A COVID-19 treatment using monoclonal antibodies is one step closer thanks to the efforts of Australian researchers.
Scientists found antibodies that blocked the SARS-CoV-2 virus from entering cells in preclinical models.
The discovery paves the way for clinical trials of monoclonal antibody treatments for the prevention of severe COVID-19 infection.
Published in the journal Cell Reports, the research is part of a consortium-led effort, bringing together the expertise of Australian academic and industry leaders in infectious diseases and antibody therapeutics at WEHI, the Doherty Institute, the Burnet Institute, the Kirby Institute, CSL, Affinity Bio and CSIRO.
At a glance
- Researchers have identified monoclonal antibodies that effectively blocked the SARS-CoV-2 virus from entering cells in preclinical models.
- The research indicates these monoclonal antibodies are leading candidates to be developed into a treatment for COVID-19.
- Monoclonal antibody therapies are in current clinical use, both to prevent and treat a range of diseases and could be particularly useful in preventing severe COVID-19 disease in older people and those who are immunocompromised, who are unable to mount a robust immune response from vaccination.
Antibody cocktail blocks SARS-CoV-2 from entering cells
identifying monoclonal antibodies that effectively blocked
the SARS-CoV-2 virus from entering cells
Monoclonal antibodies have emerged as powerful therapeutics for a variety of human diseases, representing seven of the top ten best-selling drugs globally.
Antibodies from recovered COVID-19 patients and CSL’s proprietary antibody library were used to screen for antibodies that were effective against the SARS-CoV-2 virus. The leading two monoclonal antibodies were then combined into an ‘antibody cocktail’.
WEHI Associate Professor Wai-Hong Tham, who co-led the research, said the consortium had screened hundreds of potential antibodies, identifying the top 12 that were the most potent in blocking virus entry.
“By combining the leading antibodies into an antibody cocktail, we were able to test its effectiveness at blocking SARS-CoV-2 from entering cells and reducing viral loads in preclinical models,” she said.
“This antibody cocktail effectively blocked virus entry in these tests and reduced the severity of disease in preclinical models, enabling the infection to be overcome.”
“Our research indicates these monoclonal antibodies are leading candidates to be developed into a treatment for COVID-19.”
Protecting the most vulnerable
Associate Professor Tham said monoclonal antibody treatments could be used to form a ‘protective ring’ around the most vulnerable people during an outbreak or in cases of infection in returned travellers.
“Unlike vaccines, which take several weeks to generate antibodies, antibody-based therapies would provide immediate protection against the virus,” she said.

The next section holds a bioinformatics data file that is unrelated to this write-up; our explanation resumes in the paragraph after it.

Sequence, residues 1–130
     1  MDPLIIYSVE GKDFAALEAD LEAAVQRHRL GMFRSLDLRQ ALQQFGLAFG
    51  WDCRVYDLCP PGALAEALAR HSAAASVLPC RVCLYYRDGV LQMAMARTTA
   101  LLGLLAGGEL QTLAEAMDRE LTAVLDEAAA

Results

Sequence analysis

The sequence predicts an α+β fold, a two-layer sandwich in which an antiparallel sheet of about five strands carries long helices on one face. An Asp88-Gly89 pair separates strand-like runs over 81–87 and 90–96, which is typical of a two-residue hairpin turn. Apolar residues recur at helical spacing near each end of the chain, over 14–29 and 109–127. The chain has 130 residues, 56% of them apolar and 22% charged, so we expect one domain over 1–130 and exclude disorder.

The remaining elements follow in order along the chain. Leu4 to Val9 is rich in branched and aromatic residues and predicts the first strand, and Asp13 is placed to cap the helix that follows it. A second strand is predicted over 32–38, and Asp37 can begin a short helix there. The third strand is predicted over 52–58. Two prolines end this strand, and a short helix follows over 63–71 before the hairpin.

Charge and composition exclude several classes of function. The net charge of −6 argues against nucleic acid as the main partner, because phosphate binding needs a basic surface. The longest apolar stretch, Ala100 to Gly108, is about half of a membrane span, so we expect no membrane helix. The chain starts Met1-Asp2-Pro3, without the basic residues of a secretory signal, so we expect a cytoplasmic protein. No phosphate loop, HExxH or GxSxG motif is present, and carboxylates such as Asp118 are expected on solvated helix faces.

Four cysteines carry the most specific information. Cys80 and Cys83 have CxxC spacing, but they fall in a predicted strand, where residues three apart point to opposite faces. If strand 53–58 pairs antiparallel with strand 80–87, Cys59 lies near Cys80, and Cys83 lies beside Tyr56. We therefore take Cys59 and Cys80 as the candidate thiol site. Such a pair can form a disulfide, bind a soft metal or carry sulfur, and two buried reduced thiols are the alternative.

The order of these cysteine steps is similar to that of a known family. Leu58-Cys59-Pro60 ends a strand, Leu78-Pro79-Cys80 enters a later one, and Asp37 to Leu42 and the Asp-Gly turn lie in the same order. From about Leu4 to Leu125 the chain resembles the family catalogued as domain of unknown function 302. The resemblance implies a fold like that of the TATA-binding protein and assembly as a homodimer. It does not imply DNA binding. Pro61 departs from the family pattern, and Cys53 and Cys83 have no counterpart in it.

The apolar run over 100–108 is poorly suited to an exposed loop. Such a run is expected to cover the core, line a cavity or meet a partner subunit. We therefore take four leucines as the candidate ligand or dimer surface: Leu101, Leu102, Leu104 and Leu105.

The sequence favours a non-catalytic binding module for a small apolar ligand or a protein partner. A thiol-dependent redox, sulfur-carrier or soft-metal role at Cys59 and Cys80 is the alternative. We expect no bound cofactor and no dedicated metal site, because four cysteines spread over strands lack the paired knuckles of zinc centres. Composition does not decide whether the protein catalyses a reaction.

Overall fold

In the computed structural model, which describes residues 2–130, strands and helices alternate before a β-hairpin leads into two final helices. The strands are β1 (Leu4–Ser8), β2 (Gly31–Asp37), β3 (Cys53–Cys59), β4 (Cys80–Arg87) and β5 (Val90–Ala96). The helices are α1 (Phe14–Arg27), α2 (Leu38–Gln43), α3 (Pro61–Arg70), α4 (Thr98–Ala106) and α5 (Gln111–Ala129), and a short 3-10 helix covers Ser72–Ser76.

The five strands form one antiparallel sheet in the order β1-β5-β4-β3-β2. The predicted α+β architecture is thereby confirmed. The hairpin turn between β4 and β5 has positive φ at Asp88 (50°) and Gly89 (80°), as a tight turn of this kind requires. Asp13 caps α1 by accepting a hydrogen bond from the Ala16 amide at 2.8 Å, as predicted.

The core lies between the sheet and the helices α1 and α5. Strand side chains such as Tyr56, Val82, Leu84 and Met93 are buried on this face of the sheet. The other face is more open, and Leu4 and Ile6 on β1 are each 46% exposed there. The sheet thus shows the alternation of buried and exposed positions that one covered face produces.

“In the future, we may be able to use these therapies in people who are immunocompromised or unable to mount a robust immune response to a vaccine. If used early on, these treatments could prevent hospitalisations and serious complications from COVID-19.”
Jobs boost for manufacturing and industry
Doherty Institute laboratory head Professor Stephen Kent, who is an infectious diseases clinician and co-led the research, said the consortium was now working to progress the research to clinical trials in Australia.
“We recently received funding from the Medical Research Future Fund to take this promising research forward into clinical trials for COVID-19,” he said.
“Melbourne’s biomedical precinct has enormous expertise and capability. To be able to deliver a treatment for patients that was researched, designed, manufactured and trialled here in Australia would be an incredible achievement.”
“Our research shows that these monoclonal antibody therapies will be effective against global variants and could future-proof Australia against emerging coronavirus pandemics.”
The development of monoclonal antibody therapies in Australia would also provide a boost to local jobs in manufacturing, academia, biotechnology, and clinical services and strengthen Australia’s reputation as a destination for medical research innovation.
Research assisted by people who have recovered from COVID-19
COVID-19 recovered patient and nursing science student Georgie Johns, who provided blood samples for the study, said she was happy to be able to contribute to the growing body of scientific knowledge of COVID-19 in Australia.
“I contracted COVID-19 early on in the pandemic when not much was known about the virus and I really wanted to do whatever I could to help advance our knowledge about the virus in Australia,” she said.
“It is good to know these treatments might be used to help people working on the frontline in healthcare or to protect the most vulnerable people in our community, for whom vaccines might be less effective.”
This work was made possible with grants from the Medical Research Future Fund and the Victorian Government, and in-kind support from CSL. The research team would like to extend its thanks to the people who contributed samples to the study.
Phillip Pymm, Melanie Dietrich, Damien Drew, Li-Jin Chan, Katrina Black, Amy Adair, James Cooney, Li Lynn Tan, Matthew O’Neill, Cody Allison, Marc Pellegrini, Alisa Glukhova and Wai-Hong Tham.